The following is the fifth story in the Grandpa Moneybags series. The first lesson was "Patience and the 401(k)." Created by Hurlow Wealth Management Group, Grandpa Moneybags (aka Charlie Kest) is a fictional character who shares lessons that parents and grandparents can use to introduce financial concepts to family members and encourage a dialogue between generations.
Calling Home For Advice: A Grandpa Moneybags Story
Charlie put down the book he was reading when his phone rang last night, just after 9:30 pm. He'd been thinking about canceling the landline, however, seeing his daughter's name on the caller ID, he realized that his girls would never forget their former home phone number. He doubted anyone knew his cell number without looking it up.
"Hi, Dad, it's Katie," Charlie's oldest daughter announced. "If you have a few minutes, we'd like your advice on something. Is it too late?"
"Of course not. What's the problem. How can I help?"
"Well, it's not a problem exactly. Actually, Mark can probably explain it better. Hold on a second, let me give the phone to him."
Charlie's mind raced, thinking about possible scenarios that would cause his daughter and son-in-law to need his advice. Were they thinking about moving back from California for a new job opportunity (Charlie's dream), starting a business, expanding the family? Health issue?
"Hi Dad, how are you?"
"I'm good, Mark. How about you? What's going on?"
"Katie and I are having a discussion, and we'd like your opinion. What are your thoughts about disability insurance?"
"For you or me?" Charlie questioned.
"For me," Mark replied.
"Oh good cause I certainly don't need it," Charlie chuckled.
"An old buddy of mine called and tried to sell me a policy. I had a group policy through my old job, but this new company doesn't offer one. Anyway, the kids are getting older, we have an emergency fund, so I'm not sure if I need it anymore. What do you think?"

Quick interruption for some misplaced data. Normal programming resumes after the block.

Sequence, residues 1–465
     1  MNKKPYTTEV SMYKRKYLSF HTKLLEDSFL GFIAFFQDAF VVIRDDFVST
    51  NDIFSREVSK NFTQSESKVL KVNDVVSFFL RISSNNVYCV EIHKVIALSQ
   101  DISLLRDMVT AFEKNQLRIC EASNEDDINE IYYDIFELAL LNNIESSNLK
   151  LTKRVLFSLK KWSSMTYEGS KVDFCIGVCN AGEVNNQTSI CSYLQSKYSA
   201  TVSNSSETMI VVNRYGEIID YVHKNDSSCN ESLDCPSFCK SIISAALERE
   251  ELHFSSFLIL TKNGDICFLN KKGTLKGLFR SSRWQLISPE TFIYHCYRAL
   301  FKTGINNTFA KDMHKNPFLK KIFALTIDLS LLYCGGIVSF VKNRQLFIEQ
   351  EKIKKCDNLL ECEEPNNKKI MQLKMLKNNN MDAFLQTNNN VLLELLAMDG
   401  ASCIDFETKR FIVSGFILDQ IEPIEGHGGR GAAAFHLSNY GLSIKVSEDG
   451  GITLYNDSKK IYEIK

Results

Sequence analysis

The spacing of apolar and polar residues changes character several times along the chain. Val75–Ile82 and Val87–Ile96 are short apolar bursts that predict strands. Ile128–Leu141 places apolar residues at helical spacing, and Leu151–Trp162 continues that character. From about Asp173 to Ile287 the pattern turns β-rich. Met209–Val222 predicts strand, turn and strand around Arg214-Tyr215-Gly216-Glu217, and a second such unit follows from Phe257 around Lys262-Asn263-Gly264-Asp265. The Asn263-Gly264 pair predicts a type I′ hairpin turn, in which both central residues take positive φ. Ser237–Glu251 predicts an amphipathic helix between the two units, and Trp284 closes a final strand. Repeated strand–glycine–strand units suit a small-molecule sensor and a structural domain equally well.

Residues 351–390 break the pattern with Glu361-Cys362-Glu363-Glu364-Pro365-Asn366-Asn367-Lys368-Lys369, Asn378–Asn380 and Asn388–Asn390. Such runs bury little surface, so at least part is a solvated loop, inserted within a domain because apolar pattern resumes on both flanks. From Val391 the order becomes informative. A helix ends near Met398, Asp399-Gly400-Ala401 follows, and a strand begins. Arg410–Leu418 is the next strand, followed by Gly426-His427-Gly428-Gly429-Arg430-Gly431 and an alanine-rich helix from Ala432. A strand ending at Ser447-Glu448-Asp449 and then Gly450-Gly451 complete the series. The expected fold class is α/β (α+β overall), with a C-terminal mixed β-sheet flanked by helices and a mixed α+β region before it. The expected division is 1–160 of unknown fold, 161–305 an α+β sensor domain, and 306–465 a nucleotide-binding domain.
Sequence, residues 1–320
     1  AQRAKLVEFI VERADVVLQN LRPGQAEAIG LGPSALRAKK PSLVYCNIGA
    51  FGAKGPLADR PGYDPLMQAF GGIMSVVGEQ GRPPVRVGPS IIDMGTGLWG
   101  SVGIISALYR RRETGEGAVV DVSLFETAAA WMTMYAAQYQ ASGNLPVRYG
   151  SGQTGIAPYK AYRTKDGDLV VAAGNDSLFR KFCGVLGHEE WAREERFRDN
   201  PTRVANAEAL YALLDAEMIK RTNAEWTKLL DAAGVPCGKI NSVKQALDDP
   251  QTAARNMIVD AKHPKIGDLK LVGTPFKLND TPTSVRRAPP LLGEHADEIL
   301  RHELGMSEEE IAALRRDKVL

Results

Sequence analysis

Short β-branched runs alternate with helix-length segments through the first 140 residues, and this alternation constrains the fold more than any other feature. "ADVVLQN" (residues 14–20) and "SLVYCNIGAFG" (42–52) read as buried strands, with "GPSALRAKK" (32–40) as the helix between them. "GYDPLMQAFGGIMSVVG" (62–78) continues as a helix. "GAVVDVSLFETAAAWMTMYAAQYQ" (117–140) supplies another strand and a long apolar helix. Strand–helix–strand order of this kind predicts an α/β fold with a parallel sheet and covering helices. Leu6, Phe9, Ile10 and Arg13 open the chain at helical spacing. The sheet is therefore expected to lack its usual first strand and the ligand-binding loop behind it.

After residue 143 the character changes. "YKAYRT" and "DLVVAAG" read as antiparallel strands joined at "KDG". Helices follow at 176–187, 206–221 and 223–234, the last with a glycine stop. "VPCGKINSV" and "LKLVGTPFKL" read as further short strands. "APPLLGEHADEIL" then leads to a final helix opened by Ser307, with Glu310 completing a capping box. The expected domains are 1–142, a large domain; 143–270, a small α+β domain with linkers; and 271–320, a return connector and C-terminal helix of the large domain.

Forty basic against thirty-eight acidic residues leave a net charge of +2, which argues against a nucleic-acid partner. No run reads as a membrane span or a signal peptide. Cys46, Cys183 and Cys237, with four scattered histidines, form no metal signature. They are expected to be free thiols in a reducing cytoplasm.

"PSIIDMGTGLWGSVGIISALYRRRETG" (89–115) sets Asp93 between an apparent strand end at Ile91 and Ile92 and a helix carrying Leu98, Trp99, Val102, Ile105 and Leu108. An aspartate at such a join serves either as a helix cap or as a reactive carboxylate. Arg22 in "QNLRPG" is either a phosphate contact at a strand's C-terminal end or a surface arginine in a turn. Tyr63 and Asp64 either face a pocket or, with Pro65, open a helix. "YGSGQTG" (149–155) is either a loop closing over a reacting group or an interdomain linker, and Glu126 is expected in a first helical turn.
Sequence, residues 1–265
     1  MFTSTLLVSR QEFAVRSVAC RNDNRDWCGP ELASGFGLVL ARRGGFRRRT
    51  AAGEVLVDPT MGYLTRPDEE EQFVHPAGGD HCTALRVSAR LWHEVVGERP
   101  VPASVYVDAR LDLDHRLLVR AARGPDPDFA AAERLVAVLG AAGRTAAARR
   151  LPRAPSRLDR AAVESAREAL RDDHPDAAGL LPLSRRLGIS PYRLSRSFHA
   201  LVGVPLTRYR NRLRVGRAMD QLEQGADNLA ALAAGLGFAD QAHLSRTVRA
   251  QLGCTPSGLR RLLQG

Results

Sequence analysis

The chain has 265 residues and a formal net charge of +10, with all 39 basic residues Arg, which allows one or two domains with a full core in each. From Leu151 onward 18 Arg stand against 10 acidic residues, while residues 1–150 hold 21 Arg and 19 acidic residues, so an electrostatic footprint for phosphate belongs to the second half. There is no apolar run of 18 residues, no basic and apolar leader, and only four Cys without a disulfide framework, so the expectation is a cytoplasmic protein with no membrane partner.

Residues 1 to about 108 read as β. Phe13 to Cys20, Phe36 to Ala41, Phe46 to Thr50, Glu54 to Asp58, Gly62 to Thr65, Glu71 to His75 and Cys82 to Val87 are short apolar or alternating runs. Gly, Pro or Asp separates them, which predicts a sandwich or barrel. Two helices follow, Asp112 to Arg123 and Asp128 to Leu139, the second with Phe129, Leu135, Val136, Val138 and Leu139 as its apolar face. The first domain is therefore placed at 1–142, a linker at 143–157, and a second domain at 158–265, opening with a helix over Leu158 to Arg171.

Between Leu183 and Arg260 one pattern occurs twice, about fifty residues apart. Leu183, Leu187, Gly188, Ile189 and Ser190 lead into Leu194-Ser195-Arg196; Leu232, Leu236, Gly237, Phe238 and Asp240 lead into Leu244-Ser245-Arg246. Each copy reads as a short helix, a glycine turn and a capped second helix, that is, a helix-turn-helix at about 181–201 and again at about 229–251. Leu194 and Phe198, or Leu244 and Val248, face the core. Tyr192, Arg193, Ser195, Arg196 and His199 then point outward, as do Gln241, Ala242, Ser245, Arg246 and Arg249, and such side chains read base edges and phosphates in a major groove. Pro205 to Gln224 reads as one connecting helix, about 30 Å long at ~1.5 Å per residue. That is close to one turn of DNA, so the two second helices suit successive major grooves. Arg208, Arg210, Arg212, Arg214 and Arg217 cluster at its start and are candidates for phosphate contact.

"Well, I'm not an insurance expert, but I recently attended a presentation on this topic. So I can tell you what my advisor told me." Charlie replied. "But first, I want you to know that my house is open; you could always come live with me if anything ever happened. Not that you want to, but my children and grandchildren will never be homeless. That includes you. Got it?"
"Got it. And thanks. We wouldn't want to burden you, but we appreciate the offer." Mark said.
"It wouldn't be a burden. You are family. We take care of each other. Now, since you asked about disability insurance, here's what I think. You are right to question your friend's motivation for you to buy insurance. Before you call him back, decide if you need insurance, then how much insurance, and finally, get a few quotes. Compare the rates and the policy features he is offering with what you've already found out.
Since you have an emergency fund, you'll probably only need long-term disability insurance. Six months is a typical elimination period for those policies, meaning you would be out of work for six months due to your disability before you received any benefits.